New York– US stocks ended lower on Tuesday amid a batch of mixed data, including a slightly rising consumer spending last month, which pointed to the slowing of US economic growth.

The Dow Jones Industrial Average fell 23.33 points, or 0.09 per cent, to 27,198.02. The S&P 500 dropped 7.79 points, or 0.26 per cent, to 3,013.18. The Nasdaq Composite Index slid 19.71 points, or 0.24 per cent, to 8,273.61, the Xinhua news agency reported.

Six of the 11 primary S&P 500 sectors traded lower around market close, with the utilities sector down nearly 0.9 per cent, leading the losers.

Shares of Under Armour tumbled about 12.24, as the sports wearing manufacturer missed market forecasts for its second-quarter profit, despite its moderate quarterly revenue. The company also cut its revenue guidance for the year due to fierce competition.

Yet the market has been underpinned by robust corporate earnings for the second quarter. So far, half of all S&P 500 companies have reported second-quarter performance, among which 76 per cent beat profit forecasts, according to statistics by financial markets data provider Refinitiv.

On the economic front, personal consumption expenditures (PCE), a measure of household spending, were up 41 billion dollars in June, said a report of the US Department of Commerce.

The PCE price index increased 0.1 per cent month-on-month in June. Excluding the volatile food and energy prices, the core PCE price index increased 0.2 per cent.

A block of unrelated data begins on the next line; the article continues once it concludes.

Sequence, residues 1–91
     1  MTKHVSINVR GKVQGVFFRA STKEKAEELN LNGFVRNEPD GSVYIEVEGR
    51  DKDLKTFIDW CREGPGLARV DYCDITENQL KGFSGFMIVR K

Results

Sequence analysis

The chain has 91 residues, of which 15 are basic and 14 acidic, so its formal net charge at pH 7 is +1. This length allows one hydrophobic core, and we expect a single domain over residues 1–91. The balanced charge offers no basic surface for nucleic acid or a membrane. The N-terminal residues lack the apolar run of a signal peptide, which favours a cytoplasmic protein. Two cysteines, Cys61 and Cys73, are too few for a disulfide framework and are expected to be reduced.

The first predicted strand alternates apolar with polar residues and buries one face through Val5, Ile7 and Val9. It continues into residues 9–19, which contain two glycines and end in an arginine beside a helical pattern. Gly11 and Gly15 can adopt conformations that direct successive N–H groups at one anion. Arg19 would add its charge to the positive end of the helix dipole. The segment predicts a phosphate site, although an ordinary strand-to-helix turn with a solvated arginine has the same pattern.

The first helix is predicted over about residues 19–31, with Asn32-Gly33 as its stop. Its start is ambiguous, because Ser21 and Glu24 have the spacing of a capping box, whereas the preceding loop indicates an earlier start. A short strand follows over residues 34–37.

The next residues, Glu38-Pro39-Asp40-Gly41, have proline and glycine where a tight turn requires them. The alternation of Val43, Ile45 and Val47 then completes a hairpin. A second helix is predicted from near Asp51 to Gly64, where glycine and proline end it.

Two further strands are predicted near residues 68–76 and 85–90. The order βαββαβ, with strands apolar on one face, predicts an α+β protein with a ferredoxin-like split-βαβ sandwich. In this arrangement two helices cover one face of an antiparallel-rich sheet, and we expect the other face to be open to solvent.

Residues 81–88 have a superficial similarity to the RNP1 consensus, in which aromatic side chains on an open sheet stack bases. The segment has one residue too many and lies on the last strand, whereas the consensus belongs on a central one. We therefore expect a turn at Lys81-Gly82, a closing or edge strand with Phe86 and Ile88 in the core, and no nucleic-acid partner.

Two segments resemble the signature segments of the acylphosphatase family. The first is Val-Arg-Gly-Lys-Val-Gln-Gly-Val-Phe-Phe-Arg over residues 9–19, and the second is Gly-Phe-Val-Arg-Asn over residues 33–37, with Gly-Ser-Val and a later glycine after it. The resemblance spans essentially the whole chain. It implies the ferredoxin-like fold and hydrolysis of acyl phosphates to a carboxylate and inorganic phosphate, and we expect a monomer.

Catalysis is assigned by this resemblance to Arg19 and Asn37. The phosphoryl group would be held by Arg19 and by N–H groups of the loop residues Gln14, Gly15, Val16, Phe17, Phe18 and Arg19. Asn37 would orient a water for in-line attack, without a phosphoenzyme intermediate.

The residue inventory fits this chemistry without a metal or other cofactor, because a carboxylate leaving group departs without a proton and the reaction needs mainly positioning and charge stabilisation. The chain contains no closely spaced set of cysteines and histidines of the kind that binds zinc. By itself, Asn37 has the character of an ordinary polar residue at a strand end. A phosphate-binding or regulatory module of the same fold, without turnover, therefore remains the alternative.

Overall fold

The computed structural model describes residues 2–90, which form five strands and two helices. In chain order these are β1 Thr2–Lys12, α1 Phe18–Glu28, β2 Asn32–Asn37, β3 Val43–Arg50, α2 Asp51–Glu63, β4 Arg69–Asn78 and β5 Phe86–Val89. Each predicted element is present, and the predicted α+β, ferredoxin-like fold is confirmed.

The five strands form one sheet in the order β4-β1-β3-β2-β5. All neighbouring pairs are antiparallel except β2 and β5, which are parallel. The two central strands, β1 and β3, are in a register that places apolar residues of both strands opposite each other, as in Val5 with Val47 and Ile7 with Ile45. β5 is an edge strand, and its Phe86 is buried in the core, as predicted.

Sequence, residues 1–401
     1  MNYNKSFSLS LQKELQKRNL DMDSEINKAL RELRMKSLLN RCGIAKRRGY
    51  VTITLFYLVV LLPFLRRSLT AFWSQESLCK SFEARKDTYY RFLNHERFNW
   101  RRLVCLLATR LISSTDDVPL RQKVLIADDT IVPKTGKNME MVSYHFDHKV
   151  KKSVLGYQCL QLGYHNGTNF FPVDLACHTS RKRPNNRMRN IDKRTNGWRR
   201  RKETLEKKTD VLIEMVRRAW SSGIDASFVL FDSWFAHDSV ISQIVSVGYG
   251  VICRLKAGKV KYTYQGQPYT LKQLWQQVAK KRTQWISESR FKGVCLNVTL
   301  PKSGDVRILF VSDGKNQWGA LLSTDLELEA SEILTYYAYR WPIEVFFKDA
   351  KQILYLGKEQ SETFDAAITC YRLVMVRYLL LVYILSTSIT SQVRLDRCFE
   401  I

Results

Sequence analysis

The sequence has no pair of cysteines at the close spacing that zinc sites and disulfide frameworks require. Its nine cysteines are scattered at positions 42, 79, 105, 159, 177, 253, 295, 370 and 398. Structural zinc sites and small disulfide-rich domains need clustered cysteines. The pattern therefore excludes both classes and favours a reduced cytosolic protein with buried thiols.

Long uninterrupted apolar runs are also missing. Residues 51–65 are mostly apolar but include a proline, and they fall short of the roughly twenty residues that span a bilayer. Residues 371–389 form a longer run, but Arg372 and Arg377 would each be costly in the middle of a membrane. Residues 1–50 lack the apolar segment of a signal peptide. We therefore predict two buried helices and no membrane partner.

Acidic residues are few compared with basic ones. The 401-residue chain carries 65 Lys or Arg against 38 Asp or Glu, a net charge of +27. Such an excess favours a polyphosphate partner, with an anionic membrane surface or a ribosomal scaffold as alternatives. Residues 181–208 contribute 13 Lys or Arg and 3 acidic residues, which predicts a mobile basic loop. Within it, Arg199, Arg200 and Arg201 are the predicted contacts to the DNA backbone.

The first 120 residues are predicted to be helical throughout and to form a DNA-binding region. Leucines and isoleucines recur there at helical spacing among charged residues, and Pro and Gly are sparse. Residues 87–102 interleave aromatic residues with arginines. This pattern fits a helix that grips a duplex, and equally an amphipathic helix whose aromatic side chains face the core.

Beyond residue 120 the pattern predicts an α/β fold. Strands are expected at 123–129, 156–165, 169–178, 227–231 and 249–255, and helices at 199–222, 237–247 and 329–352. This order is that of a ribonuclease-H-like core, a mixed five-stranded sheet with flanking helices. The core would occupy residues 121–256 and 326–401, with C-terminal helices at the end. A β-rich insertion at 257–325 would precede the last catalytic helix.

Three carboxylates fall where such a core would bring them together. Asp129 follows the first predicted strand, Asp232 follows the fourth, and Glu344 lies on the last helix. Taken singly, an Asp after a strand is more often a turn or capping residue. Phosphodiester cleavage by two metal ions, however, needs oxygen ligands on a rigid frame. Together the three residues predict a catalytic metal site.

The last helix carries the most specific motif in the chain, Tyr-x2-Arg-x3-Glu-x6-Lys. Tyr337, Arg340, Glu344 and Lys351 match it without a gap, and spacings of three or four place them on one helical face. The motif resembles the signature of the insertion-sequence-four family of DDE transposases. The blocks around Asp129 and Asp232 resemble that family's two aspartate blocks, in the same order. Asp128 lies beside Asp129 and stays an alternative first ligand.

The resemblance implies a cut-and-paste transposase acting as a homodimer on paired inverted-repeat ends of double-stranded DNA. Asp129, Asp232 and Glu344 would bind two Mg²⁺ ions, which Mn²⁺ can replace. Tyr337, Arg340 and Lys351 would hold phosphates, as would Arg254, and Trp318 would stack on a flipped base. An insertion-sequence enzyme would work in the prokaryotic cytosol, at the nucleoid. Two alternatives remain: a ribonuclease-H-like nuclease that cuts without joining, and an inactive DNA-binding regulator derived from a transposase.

Personal income in the United States increased $83.6 billion in June, while disposable personal income increased $69.7 billion, both 0.4 per cent higher month-on-month, said the report.

Consumer confidence rebounded in July, following a decrease in June, the Conference Board, a New York-based business research group reported on Tuesday.

The Conference Board Consumer Confidence Index now stands at 135.7, up from 124.3 in June. “Consumers are once again optimistic about current and prospective business and labor market conditions,” said Lynn Franco, Senior Director of Economic Indicators at The Conference Board, in a statement.

The high level of confidence would continue to support robust spending in the near-term, despite slower growth in GDP, according to Franco. (IANS)